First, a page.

Calls for reparations for slavery, colonialism, settler colonialism and their ongoing effects are resounding around the world. This half-day symposium will explore how reparations demands have enlarged the imagination of what is politically possible and ask what role they can play in undoing entrenched forms of racial inequality.
The first session will be a wide-ranging conversation about the meanings of reparations advanced by scholars, activists, and artists at the local, national, and transnational levels. Our common text will be Olúfẹ́mi O. Táíwò’s Reconsidering Reparations (Oxford University Press 2021 – available as an e-book through SOLO and in the Bodleian), and participants are encouraged to discuss their own work on the topic.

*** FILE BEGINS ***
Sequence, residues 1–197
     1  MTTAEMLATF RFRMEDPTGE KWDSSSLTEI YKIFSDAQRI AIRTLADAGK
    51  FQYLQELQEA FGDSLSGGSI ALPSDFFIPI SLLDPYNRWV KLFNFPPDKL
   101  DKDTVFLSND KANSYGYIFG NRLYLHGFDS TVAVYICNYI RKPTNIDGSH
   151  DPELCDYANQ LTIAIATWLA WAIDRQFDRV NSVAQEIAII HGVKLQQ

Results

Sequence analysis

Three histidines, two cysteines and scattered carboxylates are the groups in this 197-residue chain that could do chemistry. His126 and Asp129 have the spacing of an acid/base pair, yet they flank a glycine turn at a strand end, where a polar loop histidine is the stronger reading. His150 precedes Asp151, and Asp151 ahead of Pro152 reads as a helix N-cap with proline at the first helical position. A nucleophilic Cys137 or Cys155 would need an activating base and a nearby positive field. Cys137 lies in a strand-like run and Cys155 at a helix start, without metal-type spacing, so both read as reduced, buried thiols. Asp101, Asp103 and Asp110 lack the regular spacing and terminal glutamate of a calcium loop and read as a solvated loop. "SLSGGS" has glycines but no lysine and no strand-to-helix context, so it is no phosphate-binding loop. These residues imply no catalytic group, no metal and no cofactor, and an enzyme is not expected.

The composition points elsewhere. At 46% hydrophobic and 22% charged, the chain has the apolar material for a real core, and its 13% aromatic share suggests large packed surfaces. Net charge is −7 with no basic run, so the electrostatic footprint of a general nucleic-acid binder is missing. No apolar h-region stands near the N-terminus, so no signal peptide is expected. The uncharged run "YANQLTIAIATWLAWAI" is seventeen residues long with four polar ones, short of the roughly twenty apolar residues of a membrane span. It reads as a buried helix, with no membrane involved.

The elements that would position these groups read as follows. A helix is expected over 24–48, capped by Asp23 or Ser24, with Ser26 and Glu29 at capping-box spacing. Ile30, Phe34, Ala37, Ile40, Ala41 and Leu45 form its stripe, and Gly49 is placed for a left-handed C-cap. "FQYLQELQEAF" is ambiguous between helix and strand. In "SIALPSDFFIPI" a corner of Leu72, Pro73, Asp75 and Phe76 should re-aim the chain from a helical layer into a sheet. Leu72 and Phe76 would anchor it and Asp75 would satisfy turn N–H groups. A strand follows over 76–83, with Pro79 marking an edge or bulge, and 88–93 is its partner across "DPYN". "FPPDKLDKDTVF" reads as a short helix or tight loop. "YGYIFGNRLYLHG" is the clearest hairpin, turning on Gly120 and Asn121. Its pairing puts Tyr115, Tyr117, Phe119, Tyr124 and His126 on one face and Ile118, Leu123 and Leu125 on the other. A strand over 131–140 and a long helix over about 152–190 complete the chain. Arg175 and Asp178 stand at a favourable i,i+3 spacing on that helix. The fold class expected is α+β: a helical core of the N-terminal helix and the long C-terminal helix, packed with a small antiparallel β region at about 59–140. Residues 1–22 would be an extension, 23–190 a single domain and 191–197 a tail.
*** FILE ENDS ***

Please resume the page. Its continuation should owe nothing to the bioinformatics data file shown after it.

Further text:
During the second session, Lawrie Balfour will address the promise and pitfalls of reparations politics in the contemporary U.S. in a lecture entitled “Reparations Unbound: What Happens a When Radical Idea Enters the Mainstream?”